Abrams also put to rest any notion that there was any discord between him and The Last Jedi filmmaker Rian Johnson. “It would be a much more interesting answer if there were conflict,” Abrams said. “The truth is when I was getting [The Force Awakens] up and running, I was nothing but grateful that a director and writer I admire as much as Rian was coming in to do [the next one.] Not expecting to come back to this, it was just fun to watch what was happening and get to respond to it.
The movie feels disjointed and made up of parts that Dolan couldn’t bring together as it shuffles between three story strands. Moments such as Portman and Tremblay as mother and son reuniting in the rain to Florence and the Machine’s version of “Stand By Me” capture the expressive emotional maximalism of Dolan’s best work, but the sequences with Harington in particular often feel listless and lifeless.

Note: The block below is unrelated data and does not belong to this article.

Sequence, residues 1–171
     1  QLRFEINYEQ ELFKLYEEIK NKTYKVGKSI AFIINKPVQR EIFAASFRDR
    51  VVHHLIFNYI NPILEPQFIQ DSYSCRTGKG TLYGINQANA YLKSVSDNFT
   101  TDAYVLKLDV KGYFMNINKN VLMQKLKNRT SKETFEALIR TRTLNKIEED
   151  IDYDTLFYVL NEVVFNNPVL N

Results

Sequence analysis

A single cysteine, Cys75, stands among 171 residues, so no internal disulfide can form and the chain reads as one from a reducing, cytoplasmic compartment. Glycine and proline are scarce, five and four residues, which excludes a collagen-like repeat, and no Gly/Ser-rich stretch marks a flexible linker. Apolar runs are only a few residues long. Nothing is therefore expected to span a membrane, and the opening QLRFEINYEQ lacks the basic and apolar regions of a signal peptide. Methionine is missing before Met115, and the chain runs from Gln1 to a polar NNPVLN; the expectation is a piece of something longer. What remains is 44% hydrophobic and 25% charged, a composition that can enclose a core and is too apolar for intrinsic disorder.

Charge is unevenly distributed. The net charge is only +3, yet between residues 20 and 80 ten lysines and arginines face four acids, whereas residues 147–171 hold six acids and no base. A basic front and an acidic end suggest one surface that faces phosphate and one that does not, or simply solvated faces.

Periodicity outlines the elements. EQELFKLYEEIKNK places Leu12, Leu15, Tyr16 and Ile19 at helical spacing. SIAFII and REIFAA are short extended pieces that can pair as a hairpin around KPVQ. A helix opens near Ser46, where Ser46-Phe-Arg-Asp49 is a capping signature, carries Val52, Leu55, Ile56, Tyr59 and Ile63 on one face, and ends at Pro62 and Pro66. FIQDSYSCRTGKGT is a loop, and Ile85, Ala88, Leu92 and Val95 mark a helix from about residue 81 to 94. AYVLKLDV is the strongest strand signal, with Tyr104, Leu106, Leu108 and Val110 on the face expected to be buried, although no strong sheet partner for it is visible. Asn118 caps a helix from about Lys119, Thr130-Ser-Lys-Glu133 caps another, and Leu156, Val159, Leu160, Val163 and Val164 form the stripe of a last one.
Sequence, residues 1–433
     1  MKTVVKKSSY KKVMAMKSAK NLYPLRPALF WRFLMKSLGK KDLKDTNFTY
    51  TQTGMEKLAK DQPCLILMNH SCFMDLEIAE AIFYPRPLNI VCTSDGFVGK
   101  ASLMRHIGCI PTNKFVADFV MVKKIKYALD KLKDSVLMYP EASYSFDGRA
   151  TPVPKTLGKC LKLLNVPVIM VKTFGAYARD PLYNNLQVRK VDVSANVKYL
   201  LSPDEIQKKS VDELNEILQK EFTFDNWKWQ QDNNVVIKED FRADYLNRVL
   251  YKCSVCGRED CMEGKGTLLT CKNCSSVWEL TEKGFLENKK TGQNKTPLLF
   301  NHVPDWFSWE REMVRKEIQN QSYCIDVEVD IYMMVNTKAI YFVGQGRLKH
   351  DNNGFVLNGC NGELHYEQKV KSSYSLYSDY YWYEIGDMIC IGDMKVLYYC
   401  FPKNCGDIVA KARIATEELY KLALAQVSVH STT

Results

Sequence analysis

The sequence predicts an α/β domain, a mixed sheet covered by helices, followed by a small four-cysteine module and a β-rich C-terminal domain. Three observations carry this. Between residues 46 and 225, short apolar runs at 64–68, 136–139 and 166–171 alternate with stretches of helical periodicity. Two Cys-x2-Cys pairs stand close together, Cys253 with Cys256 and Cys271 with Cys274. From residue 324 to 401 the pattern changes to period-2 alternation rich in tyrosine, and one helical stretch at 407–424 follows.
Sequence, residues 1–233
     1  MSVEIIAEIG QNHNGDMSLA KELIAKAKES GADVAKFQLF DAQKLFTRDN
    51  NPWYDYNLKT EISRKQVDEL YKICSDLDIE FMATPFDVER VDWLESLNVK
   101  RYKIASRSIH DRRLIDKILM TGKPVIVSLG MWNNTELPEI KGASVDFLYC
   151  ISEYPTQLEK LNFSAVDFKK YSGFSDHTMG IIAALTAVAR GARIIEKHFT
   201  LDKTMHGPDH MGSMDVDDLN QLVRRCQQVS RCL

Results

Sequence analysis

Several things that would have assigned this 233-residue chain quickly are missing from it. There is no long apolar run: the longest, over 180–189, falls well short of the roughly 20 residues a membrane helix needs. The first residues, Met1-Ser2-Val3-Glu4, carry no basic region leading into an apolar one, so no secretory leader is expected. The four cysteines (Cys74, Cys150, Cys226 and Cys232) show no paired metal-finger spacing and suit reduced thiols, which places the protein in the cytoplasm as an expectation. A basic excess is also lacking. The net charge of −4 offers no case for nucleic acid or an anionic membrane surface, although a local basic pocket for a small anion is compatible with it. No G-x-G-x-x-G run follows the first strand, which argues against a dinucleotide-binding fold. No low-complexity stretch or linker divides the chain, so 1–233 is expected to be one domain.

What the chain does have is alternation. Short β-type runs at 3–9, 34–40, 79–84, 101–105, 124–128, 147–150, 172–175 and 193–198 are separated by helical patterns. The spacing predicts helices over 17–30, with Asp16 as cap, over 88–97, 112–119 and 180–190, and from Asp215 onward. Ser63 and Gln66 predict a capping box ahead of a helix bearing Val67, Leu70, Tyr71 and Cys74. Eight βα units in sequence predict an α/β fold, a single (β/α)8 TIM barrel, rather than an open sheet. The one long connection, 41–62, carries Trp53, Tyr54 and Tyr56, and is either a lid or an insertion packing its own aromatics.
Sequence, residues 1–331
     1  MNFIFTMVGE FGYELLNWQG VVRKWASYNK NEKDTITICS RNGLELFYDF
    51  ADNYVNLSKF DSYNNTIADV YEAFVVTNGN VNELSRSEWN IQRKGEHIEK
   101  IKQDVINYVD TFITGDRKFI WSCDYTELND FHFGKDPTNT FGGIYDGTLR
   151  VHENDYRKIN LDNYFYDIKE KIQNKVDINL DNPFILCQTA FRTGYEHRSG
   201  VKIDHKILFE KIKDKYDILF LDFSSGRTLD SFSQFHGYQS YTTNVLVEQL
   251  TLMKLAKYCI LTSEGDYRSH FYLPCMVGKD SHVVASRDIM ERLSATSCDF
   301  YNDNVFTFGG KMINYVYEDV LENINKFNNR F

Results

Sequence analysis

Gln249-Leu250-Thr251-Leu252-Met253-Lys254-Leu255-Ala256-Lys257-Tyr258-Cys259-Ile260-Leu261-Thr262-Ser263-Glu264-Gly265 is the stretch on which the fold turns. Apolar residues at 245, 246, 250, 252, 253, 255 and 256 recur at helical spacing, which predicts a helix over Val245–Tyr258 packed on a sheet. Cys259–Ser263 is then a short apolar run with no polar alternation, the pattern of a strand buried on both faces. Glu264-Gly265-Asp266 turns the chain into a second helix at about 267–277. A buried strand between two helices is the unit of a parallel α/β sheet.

The movie itself seems like an expression of some kind of growing pains, even as the young director confidently works with big-name actors. The prolific Dolan has already unveiled another movie since “John F. Donovan” premiered in the fall of 2018, so this relative stumble can perhaps be filed away as a transitional curio.